clamoring7 years ago
Soooo pretty!
karen6087 years ago
i too thought it would be edible card. still very well done. guess i'll have to carve a hunk of chocolate, melt in some green candy melts to it and then give the chocolate card to someone. Boy will that take a lot of time. maybe i'll make the paper version after all.
Yes Mint chocolate chip ice cream is the best, but the card would be even better if you could eat it.
Oh dang- I clicked on this thinking it was a "card" made out of minty chocolate...bummer. Still, it's a nice card. Too bad it's not edible though.
Cat Mother8 years ago
I just wanted to compliment you - this card looks fantastic - you almost make it look like something I could do. I am queen of having all the parts - buying tools and supplies and it never comes out beautiful like you guys can make it. Your directions are clear and to the point, its sooooo good. I am off to make my attempt!
outofthewoods (author)  Cat Mother8 years ago
What a compliment - thank you so much! Clear directions that inspire people to create is my goal! I'd love to see what you make, too. You can post it here or on my blog: Paper Woods. Also, if you want any ideas on how to use specific tools or supplies that you own, feel free to ask!

Thank you!
theRIAA8 years ago
you... can't eat it?
Sure, you can eat it, it just might not taste that great =/

A REAL mint choc. chip card would be the awesomeness!
I was totally thinking the same thing. But i don't see why it's not feasible to make an edible version: heat up some mint green, mint flavoured white chocolate, spiral on (or marble) some dark chocolate. If you started with a thin sheet of chocolate, or made your own in the bottom of a shallw pan, it seems pretty reasonable. You could write on it with coloured chocolate or icing, ice on a little flower or better yet stick on an edible blossom. Delicious potential!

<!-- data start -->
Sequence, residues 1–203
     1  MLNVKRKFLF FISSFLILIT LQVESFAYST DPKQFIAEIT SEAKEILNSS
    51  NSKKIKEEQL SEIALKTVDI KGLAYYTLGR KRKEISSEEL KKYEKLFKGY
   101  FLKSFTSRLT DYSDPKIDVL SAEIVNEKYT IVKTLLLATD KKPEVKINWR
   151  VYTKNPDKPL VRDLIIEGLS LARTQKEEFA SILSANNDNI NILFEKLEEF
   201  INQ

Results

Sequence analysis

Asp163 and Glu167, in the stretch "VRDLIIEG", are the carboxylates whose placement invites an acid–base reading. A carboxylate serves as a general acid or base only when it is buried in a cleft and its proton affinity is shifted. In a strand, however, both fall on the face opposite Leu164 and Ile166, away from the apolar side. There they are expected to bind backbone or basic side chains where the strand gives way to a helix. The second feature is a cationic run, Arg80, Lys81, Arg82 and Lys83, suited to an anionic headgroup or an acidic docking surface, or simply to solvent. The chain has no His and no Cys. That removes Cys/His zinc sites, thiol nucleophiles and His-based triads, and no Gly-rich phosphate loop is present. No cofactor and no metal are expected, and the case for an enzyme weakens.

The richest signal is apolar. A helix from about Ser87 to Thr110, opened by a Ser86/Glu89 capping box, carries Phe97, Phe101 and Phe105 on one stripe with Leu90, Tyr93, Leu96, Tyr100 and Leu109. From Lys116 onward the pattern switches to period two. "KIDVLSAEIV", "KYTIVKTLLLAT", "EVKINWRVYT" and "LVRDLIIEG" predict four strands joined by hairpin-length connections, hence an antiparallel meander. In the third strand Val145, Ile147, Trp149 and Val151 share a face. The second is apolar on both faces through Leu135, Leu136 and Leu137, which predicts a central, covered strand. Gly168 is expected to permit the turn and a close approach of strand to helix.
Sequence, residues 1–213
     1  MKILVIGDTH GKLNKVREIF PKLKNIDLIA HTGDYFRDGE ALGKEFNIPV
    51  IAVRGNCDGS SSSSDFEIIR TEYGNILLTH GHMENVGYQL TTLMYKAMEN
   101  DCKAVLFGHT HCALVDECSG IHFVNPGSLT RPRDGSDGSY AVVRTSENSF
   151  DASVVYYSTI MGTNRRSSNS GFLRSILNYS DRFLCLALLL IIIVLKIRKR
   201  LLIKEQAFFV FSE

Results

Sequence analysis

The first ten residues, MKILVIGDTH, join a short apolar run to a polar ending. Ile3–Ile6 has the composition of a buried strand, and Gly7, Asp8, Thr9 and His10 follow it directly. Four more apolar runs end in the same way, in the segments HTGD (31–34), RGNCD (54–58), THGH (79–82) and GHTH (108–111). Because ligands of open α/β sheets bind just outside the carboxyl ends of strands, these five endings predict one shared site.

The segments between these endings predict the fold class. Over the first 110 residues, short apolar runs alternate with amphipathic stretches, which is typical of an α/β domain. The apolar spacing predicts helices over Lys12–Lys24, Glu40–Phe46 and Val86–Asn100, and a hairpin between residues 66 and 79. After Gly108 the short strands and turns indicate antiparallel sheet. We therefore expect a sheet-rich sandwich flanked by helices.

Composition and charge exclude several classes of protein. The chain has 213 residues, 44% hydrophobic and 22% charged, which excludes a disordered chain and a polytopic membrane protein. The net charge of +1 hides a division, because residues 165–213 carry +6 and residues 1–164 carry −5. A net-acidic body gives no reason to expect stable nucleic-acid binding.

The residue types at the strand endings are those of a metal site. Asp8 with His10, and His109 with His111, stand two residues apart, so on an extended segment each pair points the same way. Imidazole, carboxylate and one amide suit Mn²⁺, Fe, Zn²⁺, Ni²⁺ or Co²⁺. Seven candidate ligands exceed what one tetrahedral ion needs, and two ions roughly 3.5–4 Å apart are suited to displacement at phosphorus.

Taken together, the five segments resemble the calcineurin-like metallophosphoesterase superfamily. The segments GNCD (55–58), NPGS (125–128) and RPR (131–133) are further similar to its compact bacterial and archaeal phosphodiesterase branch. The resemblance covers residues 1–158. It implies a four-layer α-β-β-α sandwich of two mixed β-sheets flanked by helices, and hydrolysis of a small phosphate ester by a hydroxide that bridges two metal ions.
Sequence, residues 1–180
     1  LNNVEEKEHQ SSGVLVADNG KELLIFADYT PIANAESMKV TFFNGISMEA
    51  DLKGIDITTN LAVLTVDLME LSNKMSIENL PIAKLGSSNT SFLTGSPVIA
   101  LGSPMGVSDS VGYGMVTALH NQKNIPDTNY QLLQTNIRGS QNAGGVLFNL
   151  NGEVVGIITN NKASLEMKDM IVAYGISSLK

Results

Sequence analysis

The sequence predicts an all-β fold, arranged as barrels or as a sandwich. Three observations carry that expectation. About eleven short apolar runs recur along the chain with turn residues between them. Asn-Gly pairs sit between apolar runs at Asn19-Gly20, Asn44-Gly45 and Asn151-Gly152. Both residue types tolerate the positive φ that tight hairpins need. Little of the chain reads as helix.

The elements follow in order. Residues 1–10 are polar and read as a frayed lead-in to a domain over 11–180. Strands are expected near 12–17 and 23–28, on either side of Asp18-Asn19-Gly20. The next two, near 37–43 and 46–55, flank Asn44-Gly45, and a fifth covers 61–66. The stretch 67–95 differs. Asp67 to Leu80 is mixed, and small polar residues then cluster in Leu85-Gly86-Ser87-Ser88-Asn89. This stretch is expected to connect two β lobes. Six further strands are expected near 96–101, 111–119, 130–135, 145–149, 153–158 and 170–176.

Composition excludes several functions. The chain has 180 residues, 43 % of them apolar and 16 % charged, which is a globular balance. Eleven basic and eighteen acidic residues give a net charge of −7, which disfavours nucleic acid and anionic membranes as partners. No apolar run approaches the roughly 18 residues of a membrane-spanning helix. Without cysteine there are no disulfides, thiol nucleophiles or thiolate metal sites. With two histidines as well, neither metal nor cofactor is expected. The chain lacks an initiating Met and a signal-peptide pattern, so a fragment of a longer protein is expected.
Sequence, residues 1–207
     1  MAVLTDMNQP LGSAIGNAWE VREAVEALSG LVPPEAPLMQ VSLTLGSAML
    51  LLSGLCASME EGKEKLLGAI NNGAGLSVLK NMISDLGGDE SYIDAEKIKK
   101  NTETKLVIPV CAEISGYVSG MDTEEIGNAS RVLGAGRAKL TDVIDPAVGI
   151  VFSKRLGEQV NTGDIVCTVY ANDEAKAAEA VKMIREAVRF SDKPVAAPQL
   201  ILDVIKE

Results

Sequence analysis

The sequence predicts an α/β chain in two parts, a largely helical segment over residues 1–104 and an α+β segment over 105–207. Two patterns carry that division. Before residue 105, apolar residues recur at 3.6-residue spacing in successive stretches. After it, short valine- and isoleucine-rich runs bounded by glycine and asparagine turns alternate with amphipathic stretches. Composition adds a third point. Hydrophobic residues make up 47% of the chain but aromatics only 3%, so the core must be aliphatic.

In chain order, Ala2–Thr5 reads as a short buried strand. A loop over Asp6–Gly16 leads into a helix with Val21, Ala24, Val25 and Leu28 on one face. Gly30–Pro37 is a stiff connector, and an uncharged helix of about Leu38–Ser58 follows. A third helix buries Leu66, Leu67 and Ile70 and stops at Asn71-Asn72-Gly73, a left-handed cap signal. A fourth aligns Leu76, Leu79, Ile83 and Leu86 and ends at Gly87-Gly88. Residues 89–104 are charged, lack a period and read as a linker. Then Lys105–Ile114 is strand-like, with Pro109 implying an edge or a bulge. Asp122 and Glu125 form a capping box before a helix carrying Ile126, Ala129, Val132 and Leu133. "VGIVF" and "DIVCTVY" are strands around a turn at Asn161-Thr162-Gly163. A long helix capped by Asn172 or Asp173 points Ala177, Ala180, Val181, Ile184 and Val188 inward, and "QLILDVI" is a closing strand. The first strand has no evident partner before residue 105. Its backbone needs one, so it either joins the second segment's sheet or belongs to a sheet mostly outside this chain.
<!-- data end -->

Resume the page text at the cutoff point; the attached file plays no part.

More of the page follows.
outofthewoods (author)  Robotrix8 years ago
I'm salivating just thinking about it!! I think I need to go buy some chocolate...
Robotrix8 years ago
what a gorgeous card, and a very well built instructable too.
canida8 years ago
Cool! Mint chocolate chip ice cream with maraschino cherries on top is my absolute favorite, so I'd recommend a flower dyed with Red #5. The embossing looks awesome, but I don't have one of the machines. Would you recommend just using a stamp to ink the design, or are the raised features really worth going an extra mile or two?
outofthewoods (author)  canida8 years ago
A red flower is a great idea! I toyed with inking or chalking my white flower, or even just using a pink flower, but liked the way it looked with just the green, brown, and white colors.

I personally love the look, and especially the feel of dry embossing. It adds a lot in my opinion, but this card would absolutely be just as great without it. If you don't have a die-cutter you can use the traditional dry embossing method I describe in my previous reply, but just using a stamped image would look great too. It would take a lot less time to make as well!
LasVegas8 years ago
Very nice Instructable. Is there a way to achieve the embossing effect without the use of the, what appears to be very expensive, die-cutting machine?
outofthewoods (author)  LasVegas8 years ago
Absolutely. You can use the traditional dry embossing technique that uses a brass template, a light source (a light box, or a window on a sunny day), and a stylus. You won't be able to find the exact same swirl pattern in a bass template, but you can get pretty close, like this one which would create a similar feel. Just tape the template to the window or light box, then tape your paper on top of it and run your stylus around the edges of the stencil (which you should be able to see through the paper). This obviously takes a lot more time than using a die-cutting machine to emboss, but it's how I always did it up until I got my die-cutter as a gift this Christmas!